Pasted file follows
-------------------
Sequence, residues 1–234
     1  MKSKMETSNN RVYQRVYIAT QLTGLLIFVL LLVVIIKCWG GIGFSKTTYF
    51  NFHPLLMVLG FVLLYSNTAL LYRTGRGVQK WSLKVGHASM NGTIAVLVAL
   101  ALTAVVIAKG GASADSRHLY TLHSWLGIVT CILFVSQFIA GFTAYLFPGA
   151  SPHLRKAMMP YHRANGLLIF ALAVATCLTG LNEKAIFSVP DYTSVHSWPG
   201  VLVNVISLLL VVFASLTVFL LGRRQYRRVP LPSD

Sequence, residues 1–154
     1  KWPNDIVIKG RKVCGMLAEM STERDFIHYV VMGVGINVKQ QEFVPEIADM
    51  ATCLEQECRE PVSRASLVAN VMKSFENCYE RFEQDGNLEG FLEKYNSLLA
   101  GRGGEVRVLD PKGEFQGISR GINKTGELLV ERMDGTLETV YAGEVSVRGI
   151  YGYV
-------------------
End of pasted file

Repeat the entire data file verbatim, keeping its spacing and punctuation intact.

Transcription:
Sequence, residues 1–234
     1  MKSKMETSNN RVYQRVYIAT QLTGLLIFVL LLVVIIKCWG GIGFSKTTYF
    51  NFHPLLMVLG FVLLYSNTAL LYRTGRGVQK WSLKVGHASM NGTIAVLVAL
   101  ALTAVVIAKG GASADSRHLY TLHSWLGIVT CILFVSQFIA GFTAYLFPGA
   151  SPHLRKAMMP YHRANGLLIF ALAVATCLTG LNEKAIFSVP DYTSVHSWPG
   201  VLVNVISLLL VVFASLTVFL LGRRQYRRVP LPSD

Sequence, residues 1–154
     1  KWPNDIVIKG RKVCGMLAEM STERDFIHYV VMGVGINVKQ QEFVPEIADM
    51  ATCLEQECRE PVSRASLVAN VMKSFENCYE RFEQDGNLEG FLEKYNSLLA
   101  GRGGEVRVLD PKGEFQGISR GINKTGELLV ERMDGTLETV YAGEVSVRGI
   151  YGYV